How do TCP and UDP differ in the way that they establish a connection between two endpoints?
The correct answer is A: TCP uses the three-way handshake, and UDP does not guarantee message delivery.
TCP (Transmission Control Protocol) and UDP (User Datagram Protocol) are both transport layer protocols used in computer networks. TCP is a connection-oriented protocol, while UDP is connectionless.
TCP uses a three-way handshake to establish a connection between two endpoints. The three-way handshake is a process of exchanging three packets between the sender and the receiver before the data transmission starts. The three packets are:
SYN (synchronize): The sender sends a SYN packet to the receiver to initiate the connection.
SYN-ACK (synchronize-acknowledge): The receiver responds with a SYN-ACK packet, which acknowledges the receipt of the SYN packet and sends its own SYN packet to the sender.
ACK (acknowledge): The sender responds with an ACK packet, which acknowledges the receipt of the SYN-ACK packet.
Once the three-way handshake is completed, the data transmission can begin. TCP ensures the reliability of data transmission by using error detection, retransmission, and flow control mechanisms.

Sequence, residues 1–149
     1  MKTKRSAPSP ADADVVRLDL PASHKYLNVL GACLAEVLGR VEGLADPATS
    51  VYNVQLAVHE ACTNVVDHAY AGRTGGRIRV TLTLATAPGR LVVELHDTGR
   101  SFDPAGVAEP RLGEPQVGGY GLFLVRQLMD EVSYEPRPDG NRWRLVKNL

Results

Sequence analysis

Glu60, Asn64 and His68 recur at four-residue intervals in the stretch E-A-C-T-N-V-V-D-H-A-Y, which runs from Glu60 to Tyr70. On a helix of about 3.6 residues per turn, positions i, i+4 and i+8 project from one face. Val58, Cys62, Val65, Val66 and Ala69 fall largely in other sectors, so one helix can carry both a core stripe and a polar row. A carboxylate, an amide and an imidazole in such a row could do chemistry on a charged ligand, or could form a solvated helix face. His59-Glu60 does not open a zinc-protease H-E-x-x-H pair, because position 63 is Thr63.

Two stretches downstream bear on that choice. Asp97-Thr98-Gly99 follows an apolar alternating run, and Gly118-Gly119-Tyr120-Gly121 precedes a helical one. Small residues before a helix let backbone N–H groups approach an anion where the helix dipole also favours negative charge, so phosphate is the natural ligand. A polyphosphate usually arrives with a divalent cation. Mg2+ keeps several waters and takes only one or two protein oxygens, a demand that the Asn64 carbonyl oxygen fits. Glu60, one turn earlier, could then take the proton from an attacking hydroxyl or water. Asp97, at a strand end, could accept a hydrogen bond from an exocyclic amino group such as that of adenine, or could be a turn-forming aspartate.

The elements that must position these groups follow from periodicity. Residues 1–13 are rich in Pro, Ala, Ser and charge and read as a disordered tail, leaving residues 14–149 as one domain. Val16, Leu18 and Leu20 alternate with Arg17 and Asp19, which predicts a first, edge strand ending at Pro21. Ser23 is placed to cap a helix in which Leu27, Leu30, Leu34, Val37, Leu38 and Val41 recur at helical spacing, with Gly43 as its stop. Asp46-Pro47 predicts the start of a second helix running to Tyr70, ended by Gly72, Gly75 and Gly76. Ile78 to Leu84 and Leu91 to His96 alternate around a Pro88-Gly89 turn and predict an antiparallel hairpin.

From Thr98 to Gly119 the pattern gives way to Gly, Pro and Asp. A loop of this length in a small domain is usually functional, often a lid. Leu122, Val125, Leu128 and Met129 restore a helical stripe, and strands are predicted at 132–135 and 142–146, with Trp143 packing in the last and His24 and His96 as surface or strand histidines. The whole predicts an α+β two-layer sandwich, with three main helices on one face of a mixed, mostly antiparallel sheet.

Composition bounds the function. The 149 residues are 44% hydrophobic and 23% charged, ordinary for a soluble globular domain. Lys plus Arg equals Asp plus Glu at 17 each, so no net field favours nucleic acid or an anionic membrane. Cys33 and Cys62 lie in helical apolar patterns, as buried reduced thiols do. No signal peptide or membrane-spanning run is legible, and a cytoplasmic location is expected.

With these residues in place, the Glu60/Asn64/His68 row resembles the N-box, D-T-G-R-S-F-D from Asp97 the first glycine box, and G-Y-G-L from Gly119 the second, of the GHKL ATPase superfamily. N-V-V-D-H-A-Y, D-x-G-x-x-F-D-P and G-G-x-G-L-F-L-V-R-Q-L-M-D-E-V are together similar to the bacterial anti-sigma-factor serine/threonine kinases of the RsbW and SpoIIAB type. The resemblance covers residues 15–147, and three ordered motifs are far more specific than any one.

On the other hand, UDP is a connectionless protocol that does not guarantee message delivery. UDP packets are sent without establishing a connection between the sender and the receiver. UDP is used in situations where the loss of some data is acceptable, such as streaming video or audio, where a lost packet can simply be skipped over.
UDP does not use the three-way handshake or any other connection establishment mechanism. Instead, UDP packets are simply sent from the sender to the receiver, without any confirmation or acknowledgment from the receiver. As a result, UDP is faster and more efficient than TCP, but it is also less reliable.
In summary, TCP uses the three-way handshake to establish a connection between two endpoints and provides reliable data transmission, while UDP is a connectionless protocol that does not guarantee message delivery.